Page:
By Stephen McAuliffe
SUSTAINABILITY has become
somewhat of a ‘buzz’ word in Irish agricultural circles in recent years, particularly as consumers place greater emphasis on the implications of how their food is produced.
However, as farmers are pro-ducers of internationally traded commodities, they are ‘price-takers’, and with little opportunity for gaining a significant premium for their produce they can only optimise efficiencies ‘inside the farmgate’.
So what does this mean for the modern day dairy farmer and can economic and environmental sustainability go hand in hand at farm level?
Greater use of white clover is one possible route to gaining a more sustainable credential for milk production and this current PhD study, which is part of the AFBI-Teagasc-QUB PhD programme foc-
using on improving grassland production in Ireland, has already provided some very positive results.
The objective was to measure the benefits, if any, of clover inclusion on milk and grass production over two growing seasons.
Three 7.3ha model farms (farm-lets) were set up within the Moorepark dairy research farm and each stocked with 20 cows (2.73 cows/ha).
All cows received the same concentrate input of 243kg/cow/year, fed mainly in the spring and autumn and each farmlet was required to sustain itself and fulfil its winter feed requirement by making sufficient silage.
Farmlet 1 – grass only swards receiving 250 kg N/ha/year.
Farmlet 2 – grass + clover swards receiving 250 kg N/ha/year.
Farmlet 3 – grass + clover sward receiving 150 kg N/ha/year.
The average yield over the three farmlets was 14 tonnes dry matter/hectare, with an average clover content of 24 per cent for the low N farmlet 3 and 20 per cent for the high N farmlet 2. Both these farmlets had increased production over the grass only farmlet. As can be seen from the table, the cows grazing the grass/clover sward at 250kg N had the highest milk production at 538kg milk solids per cow per year. The clover sward receiving 150kg N was next in line at 523kg milk solids/cow/year, with the lowest milk production from the cows grazing the grass only sward at 250kg N.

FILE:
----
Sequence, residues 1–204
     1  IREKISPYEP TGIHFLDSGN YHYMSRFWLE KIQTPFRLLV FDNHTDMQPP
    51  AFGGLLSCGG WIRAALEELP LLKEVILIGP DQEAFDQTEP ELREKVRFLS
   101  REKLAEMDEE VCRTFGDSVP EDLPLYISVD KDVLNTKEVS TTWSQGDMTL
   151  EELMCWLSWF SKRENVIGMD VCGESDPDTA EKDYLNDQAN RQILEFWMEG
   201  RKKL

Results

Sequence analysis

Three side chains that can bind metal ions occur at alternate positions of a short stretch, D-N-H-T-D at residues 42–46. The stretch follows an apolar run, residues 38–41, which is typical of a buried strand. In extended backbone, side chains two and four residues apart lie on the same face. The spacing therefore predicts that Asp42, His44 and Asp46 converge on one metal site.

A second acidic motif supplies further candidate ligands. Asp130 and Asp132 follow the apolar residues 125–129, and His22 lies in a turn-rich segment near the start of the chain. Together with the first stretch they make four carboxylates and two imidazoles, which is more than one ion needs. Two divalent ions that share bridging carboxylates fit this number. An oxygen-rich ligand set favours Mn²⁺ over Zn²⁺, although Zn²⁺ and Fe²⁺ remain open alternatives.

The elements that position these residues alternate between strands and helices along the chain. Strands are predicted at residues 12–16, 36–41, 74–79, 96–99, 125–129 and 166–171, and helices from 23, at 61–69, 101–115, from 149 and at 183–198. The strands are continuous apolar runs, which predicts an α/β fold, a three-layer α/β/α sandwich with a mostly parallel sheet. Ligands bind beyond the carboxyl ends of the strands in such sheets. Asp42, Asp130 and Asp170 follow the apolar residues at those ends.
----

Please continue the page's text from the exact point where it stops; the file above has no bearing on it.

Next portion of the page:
The difference between the cows grazing grass only swards and those grazing the grass clover swards at the same nitrogen level was 35kg/cow MS or 95.5kg/ha. Taking a milk price of €4/kg MS, the extra revenue generated would be a substantial €140/cow or €382/ha.
Similarly, the cows grazing the
lower 150kg N farmlet had increased milk output of 21kg/cow MS giving an additional revenue of over €84/cow or €229/ha. Part of this improved output was due to increased sward digestibility, especially in the aut-umn when the quality of grass begins to deteriorate. (See table)
Optimising the use of clover does require some management adjustments. For example, the reduced over-winter and spring growth of grass/clover swards can mean reduced grass availability in spring and a need for extra silage to be fed.
An average of 106kg DM/cow of extra silage was fed to the cows grazing clover swards each spring, though this was produced from the same farmlet swards in the previous growing season. Bloat can also be a cause of concern for farmers, however strategies such as adding oil to the water supply and not allowing cows to enter a clover sward when they are very hungry has helped to all but eliminate the risk of bloat.
This study has shown the ability of clover to convert significant quantities of atmospheric N into plant usable nitrogen, even on an intensively managed system.
As identified in the articles over the past two weeks. Clearly there is opportunity to use white clover to increase on-farm milk production from the same land area.
Alternatively it is possible to reduce nitrogen use, increase the sustainability credentials of the farm and maintain the same or better levels of production.
This PhD study has added to the existing evidence that greater use of white clover offers the potential to significantly improve both the environmental and economic sus-
tainability of grass based pro-duction systems in Ireland.